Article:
Field Victory Colors French View of Themselves


The French have renewed their very favorite love affair. With themselves.

Suddenly, “La Marseillaise” is cool again. Waving the tricolor flag no longer means a person sympathizes with the far-right, immigrant-hating National Front party of Jean-Marie Le Pen.

A stunning upset victory in the World Cup, the quadrennial international soccer tournament, has given the French immediate reason to feel good about themselves again. But it also has forced this ancient people--whose history texts once led with a controversial passage about “our ancestors,” the blond and blue-eyed Gauls--to rethink who they are.

The new answer, in a phrase: black, blanc, beur. Black, white, French-born Arab.


“Of course I’m proud that France won,” remarked one beur, Rachid Bourguiba, 20, whose mother and father come from Morocco. As he sat, smoking one evening with friends in a park near the Canal Saint-Martin in northeastern Paris, he added: “I was born here, and this is my country. This is where I’m going to live.”

But citizens like Bourguiba who have black, brown or yellow faces are nearly invisible on French television. They are absent from the country’s political and business elite. And they have been driven to the fringes of most cities over the decades.

Disenchantment with immigrants, especially the nonwhite, had grown so widespread that former Prime Minister Edouard Balladur, a figure of the establishment right, last month suggested a nationwide debate on whether there should be a “national preference” for some jobs.

Then came Les Bleus (the Blues)--the 22-member French soccer team, whose players could trace their ancestry not only to Normandy and Provence but also to Algeria, Argentina, sub-Saharan Africa, Armenia, Brittany, the Basque Country, Portugal, the Pacific isles and the West Indies.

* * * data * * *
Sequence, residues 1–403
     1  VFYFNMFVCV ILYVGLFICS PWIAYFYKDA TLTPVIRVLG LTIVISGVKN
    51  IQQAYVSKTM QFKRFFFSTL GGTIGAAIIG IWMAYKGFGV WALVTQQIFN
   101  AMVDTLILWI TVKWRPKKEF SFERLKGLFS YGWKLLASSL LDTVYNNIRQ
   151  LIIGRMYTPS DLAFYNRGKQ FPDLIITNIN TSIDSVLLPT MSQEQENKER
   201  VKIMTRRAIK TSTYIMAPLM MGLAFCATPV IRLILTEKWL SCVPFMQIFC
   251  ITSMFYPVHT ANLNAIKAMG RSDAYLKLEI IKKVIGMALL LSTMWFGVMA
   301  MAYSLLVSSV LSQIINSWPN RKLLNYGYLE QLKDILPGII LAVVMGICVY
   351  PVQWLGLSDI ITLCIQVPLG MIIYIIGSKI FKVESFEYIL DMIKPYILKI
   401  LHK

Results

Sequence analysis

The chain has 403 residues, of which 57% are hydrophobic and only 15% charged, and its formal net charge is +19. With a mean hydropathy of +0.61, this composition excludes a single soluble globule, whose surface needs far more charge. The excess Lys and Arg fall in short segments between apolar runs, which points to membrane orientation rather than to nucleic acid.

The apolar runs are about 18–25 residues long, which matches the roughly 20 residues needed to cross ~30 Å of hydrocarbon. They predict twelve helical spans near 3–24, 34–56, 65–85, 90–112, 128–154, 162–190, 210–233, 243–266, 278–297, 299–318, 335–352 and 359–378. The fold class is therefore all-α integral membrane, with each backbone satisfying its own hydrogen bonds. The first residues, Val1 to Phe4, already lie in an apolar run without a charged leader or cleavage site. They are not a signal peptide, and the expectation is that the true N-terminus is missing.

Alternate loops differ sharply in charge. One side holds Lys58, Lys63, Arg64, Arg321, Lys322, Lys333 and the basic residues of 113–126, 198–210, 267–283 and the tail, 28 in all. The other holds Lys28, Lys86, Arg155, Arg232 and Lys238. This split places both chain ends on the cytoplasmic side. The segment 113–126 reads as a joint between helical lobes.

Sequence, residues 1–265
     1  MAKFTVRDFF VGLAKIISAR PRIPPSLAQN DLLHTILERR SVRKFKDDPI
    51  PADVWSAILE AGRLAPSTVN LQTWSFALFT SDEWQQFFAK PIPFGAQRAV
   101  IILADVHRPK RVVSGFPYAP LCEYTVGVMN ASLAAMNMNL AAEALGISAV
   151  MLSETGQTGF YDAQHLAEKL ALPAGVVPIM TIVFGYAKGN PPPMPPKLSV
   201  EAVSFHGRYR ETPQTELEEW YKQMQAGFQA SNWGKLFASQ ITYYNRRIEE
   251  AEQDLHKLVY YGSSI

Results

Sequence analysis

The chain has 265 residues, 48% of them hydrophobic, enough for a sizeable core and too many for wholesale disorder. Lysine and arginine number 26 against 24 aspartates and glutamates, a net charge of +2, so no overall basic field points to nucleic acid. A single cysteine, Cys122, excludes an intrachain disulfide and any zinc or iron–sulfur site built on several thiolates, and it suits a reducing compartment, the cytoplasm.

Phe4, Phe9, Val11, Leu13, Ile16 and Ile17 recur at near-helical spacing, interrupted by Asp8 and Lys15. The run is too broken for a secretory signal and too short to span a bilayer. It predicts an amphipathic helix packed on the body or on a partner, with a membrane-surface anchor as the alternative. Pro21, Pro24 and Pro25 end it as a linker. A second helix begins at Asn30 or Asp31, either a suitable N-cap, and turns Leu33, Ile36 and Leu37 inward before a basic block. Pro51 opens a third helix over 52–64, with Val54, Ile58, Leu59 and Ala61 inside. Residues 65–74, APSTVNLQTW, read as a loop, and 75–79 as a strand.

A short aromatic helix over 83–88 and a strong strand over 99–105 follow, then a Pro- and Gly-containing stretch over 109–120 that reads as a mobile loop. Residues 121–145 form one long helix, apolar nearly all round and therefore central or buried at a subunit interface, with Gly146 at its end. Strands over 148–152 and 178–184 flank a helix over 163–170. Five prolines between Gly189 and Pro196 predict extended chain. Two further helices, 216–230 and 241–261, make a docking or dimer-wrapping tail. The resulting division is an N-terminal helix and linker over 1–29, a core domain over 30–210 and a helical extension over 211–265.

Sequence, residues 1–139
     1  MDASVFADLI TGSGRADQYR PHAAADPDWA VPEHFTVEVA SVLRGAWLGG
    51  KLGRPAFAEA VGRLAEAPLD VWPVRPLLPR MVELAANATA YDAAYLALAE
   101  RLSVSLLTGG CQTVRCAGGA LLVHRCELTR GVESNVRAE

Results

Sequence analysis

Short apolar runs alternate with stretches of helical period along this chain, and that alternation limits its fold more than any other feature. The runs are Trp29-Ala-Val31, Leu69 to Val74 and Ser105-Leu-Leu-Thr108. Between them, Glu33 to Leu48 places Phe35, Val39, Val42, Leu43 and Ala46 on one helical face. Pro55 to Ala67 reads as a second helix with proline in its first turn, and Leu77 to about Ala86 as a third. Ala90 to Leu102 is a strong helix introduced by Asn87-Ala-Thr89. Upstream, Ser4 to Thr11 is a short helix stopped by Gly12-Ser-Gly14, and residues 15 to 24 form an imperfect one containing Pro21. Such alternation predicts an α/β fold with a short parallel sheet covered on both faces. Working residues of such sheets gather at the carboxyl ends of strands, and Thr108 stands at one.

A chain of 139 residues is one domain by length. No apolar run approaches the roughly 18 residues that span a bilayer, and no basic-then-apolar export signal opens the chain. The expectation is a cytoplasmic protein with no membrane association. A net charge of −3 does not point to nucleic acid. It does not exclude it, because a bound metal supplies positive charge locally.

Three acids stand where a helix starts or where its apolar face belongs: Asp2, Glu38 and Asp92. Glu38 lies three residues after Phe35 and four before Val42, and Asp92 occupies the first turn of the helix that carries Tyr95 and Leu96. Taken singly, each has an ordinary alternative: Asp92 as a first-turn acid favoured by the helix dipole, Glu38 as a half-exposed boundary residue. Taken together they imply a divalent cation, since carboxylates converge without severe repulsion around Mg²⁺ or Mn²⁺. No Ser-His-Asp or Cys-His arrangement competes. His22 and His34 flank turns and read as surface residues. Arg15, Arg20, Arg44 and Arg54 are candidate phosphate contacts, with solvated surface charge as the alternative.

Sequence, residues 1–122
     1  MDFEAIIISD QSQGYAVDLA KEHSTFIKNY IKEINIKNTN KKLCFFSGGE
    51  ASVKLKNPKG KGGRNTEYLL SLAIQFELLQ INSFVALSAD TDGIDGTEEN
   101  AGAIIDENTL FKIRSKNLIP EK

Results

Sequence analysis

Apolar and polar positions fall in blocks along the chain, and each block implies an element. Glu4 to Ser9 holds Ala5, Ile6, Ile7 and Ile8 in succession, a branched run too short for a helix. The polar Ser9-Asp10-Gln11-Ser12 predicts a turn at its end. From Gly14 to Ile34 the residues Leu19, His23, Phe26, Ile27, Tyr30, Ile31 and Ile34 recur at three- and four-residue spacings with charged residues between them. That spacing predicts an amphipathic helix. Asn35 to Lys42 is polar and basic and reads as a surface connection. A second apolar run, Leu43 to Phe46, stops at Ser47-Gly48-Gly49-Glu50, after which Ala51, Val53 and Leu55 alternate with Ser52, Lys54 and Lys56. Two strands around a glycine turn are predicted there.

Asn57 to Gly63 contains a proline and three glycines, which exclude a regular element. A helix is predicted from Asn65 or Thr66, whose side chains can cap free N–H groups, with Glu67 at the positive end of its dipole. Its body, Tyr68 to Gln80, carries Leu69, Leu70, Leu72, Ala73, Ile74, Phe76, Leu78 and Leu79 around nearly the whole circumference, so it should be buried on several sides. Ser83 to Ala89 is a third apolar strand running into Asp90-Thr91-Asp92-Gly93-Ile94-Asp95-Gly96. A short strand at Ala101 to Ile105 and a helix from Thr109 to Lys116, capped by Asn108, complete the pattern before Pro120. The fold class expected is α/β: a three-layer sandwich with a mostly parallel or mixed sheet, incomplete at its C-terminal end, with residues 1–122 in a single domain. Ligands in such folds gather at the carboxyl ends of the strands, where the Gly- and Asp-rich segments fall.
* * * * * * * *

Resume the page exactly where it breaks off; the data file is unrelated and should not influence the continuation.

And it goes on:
The squad was a living reminder that the land of the Gauls has become, at the end of the 20th century, a “rainbow republic.” Its shocking 3-0 victory over Brazil on July 12 was an unassailable argument that generations of immigrants have brought into France a rich flow of talent, physical strength and brains.

“The team of France is a symbol--that France is a mixed country but with a common ideal,” said Fode Sylla, president of SOS Racisme, a grass-roots organization that battles racial prejudice. “They proved that far from being a handicap, that diversity could lead to victory, and that they are all defenders of the republic.”

In fact, the hero of the semifinal win over Croatia was Lilian Thuram, 26, a black man from the “overseas department” of Guadeloupe in the Caribbean. He scored both French goals. In the final, France’s first two points came on headers from Zinedine Zidane, 26, son of an immigrant construction worker from Algeria’s Kabyle minority and native of the slums of Marseilles.

“Now the young beurs can say, ‘We too can be part of France,’ ” said Monique Boisserie, 69, a widow from the upscale Paris suburb of Neuilly-sur-Seine.


Demographer Michele Tribalat gushed: “The French team has done more for integration than years of pro-active government policies.”

It is more than that: Its victories suddenly have gotten many French discussing the virtues of the U.S.-style “melting pot,” rather than insisting as before that newcomers must “integrate” themselves into French society and embrace its culture and “republican” traditions.

Even Le Pen, who turned 70 during the World Cup and was caught flat-footed by the outburst of joyful patriotism, was forced to backtrack on his statement two years ago that immigrants should not be allowed to play on the national team.

Meanwhile, some of France’s European neighbors have been looking on enviously. In Germany, it is much more difficult for a Turk or immigrant of another foreign ethnic stock to obtain citizenship than in France. Staunchly Teutonic, anchored by players with names like Matthaus, Klinsmann, Kohler and Koepke, the German World Cup squad was blown away by Croatia, 3-0. “White, old and tired,” was how one German TV commentator summed up the losers.


Italy, another ethnically homogeneous European squad, was bested by France, 4-3. “If we want to save the Italian team, we should build our soccer fields near refugee camps,” a commentator for La Repubblica, a Rome daily newspaper, concluded.